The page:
2. That the government should provide us certain rights.

    When the government breaks #2, then I’m under no obligation to obey #1. That’s my own moral theory on this. In practice, however, I seriously doubt I would have had Hellmuth’s courage.

  5. Shandee Godfrey says:

    Wasn’t Hellmuth Heubner excommunicated for his action? In that case, he was a non-saint (or exed-saint) among Saints. Exed and axed for his beliefs. Ouch.

  6. Obeying the law does not mean we support it, we have our own conscience to do that. We fight against laws we disagree with – in England a gender recogniction bill, giving rights to those who undergo a sex change operation to be legally recognised as their chosen sex, could have had massive implications for the church re: giving the priesthood, marriage etc. The church along with some other churches campaigned and as a result, churches are exempt.

    We should be law abiding, but we can also campaign to change laws that need to be changed.

  7. He was reinstated after the war. For the record let me state that I have tremendous sympathy for his Branch President too: confronted by the Gestapo over Huebener and their “American Church,” the pressure must have been immense. Which is why I called this whole thing a mess. Hard and fast rules elude us.

  8. Seth Rogers says:

    Perhaps it’s because, deep-down, some of us are Mormons first and Americans second (or third or fourth).

    I think the Church’s calculation on this issue is strictly utilitarian. If the USA provides more benefits than harm to the Church, we’ll play along, even if we don’t like the individual laws per se. But once the USA and its laws are no longer benefitting us overall, we’ll likely drop this whole patriotic thing.

    As long as the US is promoting freedom of religion and a more open world for missionary work, we’ll praise it to the heavens. But once it stops doing these things, we’ll chuck it with as little regret as you’d chuck a used-up Bic pen.

    Well, maybe some members feel this way. I know I do.

    But I do know that whenever, I hear the USA praised from the pulpit, it is almost always in connection with the advancement of religious liberty and a more open world for missionaries.

    So the moral of the story is: “We’ll support Chilean dictators as long as they allow us to continue converting more Chileans.”

    Personally, I think the LDS doctrine on following the law is entirely born of self-interest. God’s law is the only law that is unequivocally good in Mormon doctrine. All others laws are just tools to be enjoyed when they are useful, and abandoned when they are harmful.

  9. Sadly, I have lent my copy of Mormonism in Transition, but if I may paraphrase: there was an interesting exchange between prospective Senator Smoot and one of his inquirers during the hearings. Apostle Smoot was asked what he would sustain if there was a conflict, the law or the doctrine of the Mormon Church. He stated that he would uphold the law, but that he did not see such a conflict. He further stated that he would likely leave the country if such a conflict did exist.

    Now, this at least somewhat disengenuous, but it does mark a dramatic institutional shift. Our nineteenth century precident is something like this: fight to win, but if you get beat, roll over. Which, it seems, was highly successful.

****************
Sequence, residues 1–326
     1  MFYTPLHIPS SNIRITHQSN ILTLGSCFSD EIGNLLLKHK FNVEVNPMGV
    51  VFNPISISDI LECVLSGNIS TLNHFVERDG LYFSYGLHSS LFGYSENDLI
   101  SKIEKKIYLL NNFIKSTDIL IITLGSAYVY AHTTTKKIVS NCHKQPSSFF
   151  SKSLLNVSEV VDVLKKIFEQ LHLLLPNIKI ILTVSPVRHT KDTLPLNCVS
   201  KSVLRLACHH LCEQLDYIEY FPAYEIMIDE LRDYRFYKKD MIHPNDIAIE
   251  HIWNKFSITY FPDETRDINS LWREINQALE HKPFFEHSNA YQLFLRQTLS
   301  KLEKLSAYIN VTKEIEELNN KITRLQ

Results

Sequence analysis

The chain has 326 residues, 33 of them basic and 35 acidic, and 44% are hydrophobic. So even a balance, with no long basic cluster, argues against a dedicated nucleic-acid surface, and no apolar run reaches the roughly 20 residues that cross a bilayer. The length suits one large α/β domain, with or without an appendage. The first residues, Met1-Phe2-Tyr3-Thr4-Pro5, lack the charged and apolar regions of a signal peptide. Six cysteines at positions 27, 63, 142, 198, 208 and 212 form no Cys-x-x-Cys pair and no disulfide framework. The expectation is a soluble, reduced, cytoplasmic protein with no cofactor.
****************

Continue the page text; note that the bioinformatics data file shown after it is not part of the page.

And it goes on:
As it pertains to modernity, I think we are bound by the Church’s compliance. Certain of our actions are compelled by law. We must conform our actions to those leagal stipulations. If we choose action that are not legal, we defy the church and must hope that we will be redeemed by history (as was Helmuth)…but that is a hefty gamble.

  10. I love this country and have deep respect for the Constitution and the many liberties it gives us. But I am often surprised at how many members of the Church seem to forget that there was a time where the Constitution’s protections were not offered to Mormons. Members of the Church were burned out of their homes, had their property stolen, were subjected to beatings and abuse, and were killed by mobs–all with effectively no protection from state or federal governments. So many members of the Church seem to forget the possibility that government actors (and perhaps laws they create/enforce) could end up not being your friend. Mormonism today seems so “tame” by American cultural standards that it maybe seems far-fetched to think that the government could try to enforce a law that limits our ability to live our religion (or just “live”), but I worry that this possibility, though far-fetched, could one day “come to pass”. How silly would we look then for uncritical support for laws like, for example, the Patriot Act?

    Living as we do in a democracy, I certainly think we have the right–and perhaps the moral obligation–to advocate for a change in laws that we deem unjust. But if, despite our efforts, that law does not change, must we obey? I think that in all but the most extreme circumstances we are morally obligated to obey–not just because the Church’s doctrine is that we “honor and obey the law” but because this is what it means to be in a democracy. Sometimes you’re in the majority, sometimes you’re not. When you’re not, you just have to live with it.